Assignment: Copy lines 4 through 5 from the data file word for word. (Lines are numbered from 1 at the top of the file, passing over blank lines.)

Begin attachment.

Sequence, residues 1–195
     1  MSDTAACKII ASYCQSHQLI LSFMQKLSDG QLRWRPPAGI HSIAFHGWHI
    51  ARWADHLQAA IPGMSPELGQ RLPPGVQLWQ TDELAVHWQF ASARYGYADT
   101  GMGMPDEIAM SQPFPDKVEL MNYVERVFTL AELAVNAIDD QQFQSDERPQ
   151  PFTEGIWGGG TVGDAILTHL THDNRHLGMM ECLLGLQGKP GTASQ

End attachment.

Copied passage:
   101  GMGMPDEIAM SQPFPDKVEL MNYVERVFTL AELAVNAIDD QQFQSDERPQ
   151  PFTEGIWGGG TVGDAILTHL THDNRHLGMM ECLLGLQGKP GTASQ